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Service disruption guide

Service disruption guide

This page is primarily for the cloud.gov team. It's public so that you can learn from it. For help using cloud.gov, see the user docs.

This guide outlines how we handle communications for service disruptions during East Coast business hours.

Not a guide for:

  • Hours outside of East Coast business hours – out of scope for this document.
  • Security incidents – switch to security incident guide.
  • Major service disruptions (more than 30 minutes of unexpected downtime or significantly reduced service) – switch to contingency plan.

Threshold for “service disruption”

If there is an unexpected user-impacting problem that we believe is a platform problem.

Examples:

  • We caused end-user-visible errors in customer applications.
  • A platform-owned component such as the dashboard or brokers is giving errors.
  • Two or more teams using cloud.gov have reported the same non-trivial problem, which indicates it isn’t just a problem with a customer application.
  • AWS or another service we depend on is causing problems for our users.
  • Something unexpected went wrong during scheduled maintenance, and it impacts users.

How soon to post to Status Page

As soon as possible. Goal: at most 15 minutes after the first cloud.gov team member notices the problem.

Who is responsible for posting and updating

  • First person on the cloud.gov team who notices a problem is responsible for finding the right people to address it (can include themself), including finding a person with Status Page access to post about it (can include themself).
  • Platform squad person on support rotation should be the first person to begin addressing the technical issue (and the first person for non-platform squad people to ping for help with this). See the platform squad channel topic for the current person.
  • A person should explicitly say “I’m taking care of Status Page for this” and continue being responsible for updates until they explicitly hand off that responsibility.

Drafting and approval

  • If you’re platform squad: Draft and ping for comms help (Bret, Britta), but if they aren’t available within 5 minutes, just post it.
  • If you’re not: Draft and ask platform squad for technical check before posting.

We have some templates and drafting space in this doc.

Updates

  • If you’re writing an update to a post about a new related problem, also update the post summary (the subject line) to make it summarize the whole event.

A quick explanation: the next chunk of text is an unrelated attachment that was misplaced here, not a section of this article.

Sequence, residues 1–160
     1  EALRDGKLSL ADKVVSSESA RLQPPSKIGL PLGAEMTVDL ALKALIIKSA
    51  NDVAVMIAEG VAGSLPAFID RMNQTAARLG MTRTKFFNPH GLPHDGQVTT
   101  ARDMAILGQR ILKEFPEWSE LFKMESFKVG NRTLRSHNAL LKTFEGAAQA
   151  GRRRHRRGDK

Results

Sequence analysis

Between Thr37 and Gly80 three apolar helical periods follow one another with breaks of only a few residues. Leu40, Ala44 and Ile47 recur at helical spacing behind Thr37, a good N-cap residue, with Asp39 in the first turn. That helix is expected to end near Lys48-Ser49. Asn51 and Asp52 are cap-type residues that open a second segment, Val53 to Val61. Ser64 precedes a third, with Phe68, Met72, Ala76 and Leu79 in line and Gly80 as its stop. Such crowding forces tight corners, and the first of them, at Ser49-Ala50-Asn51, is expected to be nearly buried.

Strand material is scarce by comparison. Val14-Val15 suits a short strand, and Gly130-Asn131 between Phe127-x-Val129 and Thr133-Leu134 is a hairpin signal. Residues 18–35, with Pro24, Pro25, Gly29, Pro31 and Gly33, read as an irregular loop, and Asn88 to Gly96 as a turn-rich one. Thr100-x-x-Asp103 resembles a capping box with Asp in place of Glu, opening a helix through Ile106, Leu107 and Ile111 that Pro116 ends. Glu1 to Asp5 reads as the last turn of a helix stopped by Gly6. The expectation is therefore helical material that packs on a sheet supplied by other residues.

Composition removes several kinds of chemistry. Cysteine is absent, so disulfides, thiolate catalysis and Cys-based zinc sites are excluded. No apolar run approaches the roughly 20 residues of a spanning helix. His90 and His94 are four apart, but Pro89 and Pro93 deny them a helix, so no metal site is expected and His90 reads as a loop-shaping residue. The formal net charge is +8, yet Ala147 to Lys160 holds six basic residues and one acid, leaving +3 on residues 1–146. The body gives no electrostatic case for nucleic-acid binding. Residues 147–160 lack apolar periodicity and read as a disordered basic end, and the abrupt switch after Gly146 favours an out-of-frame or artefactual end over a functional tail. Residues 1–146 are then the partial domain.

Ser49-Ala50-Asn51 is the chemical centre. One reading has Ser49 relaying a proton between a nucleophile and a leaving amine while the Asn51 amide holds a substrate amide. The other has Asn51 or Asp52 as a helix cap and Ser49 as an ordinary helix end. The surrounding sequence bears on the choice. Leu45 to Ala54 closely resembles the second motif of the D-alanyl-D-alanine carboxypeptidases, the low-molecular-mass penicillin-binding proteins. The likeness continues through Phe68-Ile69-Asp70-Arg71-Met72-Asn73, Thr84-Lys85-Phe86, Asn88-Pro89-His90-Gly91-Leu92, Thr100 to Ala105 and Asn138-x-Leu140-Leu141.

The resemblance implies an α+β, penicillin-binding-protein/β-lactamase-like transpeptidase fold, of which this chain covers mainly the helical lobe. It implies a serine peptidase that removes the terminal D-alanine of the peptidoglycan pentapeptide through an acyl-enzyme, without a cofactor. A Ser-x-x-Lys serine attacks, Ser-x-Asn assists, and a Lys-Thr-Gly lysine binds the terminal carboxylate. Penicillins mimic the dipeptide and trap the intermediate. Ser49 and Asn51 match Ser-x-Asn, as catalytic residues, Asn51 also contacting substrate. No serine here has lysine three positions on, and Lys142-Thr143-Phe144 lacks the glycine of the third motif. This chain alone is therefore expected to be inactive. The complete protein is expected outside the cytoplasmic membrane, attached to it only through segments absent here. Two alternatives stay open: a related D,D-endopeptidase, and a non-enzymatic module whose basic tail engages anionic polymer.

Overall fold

When to close

We close the event when we believe the disruption is no longer affecting customers.

The person with Status Page responsibility is responsible for asking “any objections to closing it?” and closing it if none.

  • It’s helpful but not required to write something that’s informative about the resolution as a closing message.

A postmortem is not necessary to close, and it does not have to happen immediately after closing.

Ensure a postmortem happens

The person who closes the event should then put a card on the component-owning squad’s board in the urgent lane about writing and posting a postmortem.

For non-security-sensitive work, work to resolve root causes does not have to be completely done before we post the postmortem.

Checklist for drafting postmortems

We typically use a What happened + What we’re doing structure.

Check your draft against the following questions that customers typically have:

  • What part(s) of the system had a problem, in terms that I recognize?
  • How long did the problem last, and at what time?
  • What was the effect on my applications and my own users? (This is important.)
  • How are you going to prevent it from happening again?
  • What actions should I take, if any?

They also have a baseline expectation that we have good answers to the following questions. The answers to these questions might be implied in your explanation, instead of being explicitly addressed:

  • Did you notice the problem quickly after it started happening?
  • Did you take appropriate actions after you noticed the problem?
  • Do you know why the problem happened?
  • If it happens again, how are you going to notice faster and respond better next time?
  • Was there anything suspicious from a security perspective, or do you have confidence that all of the cause-and-effect steps were caused by ordinary reasons instead of malicious actors?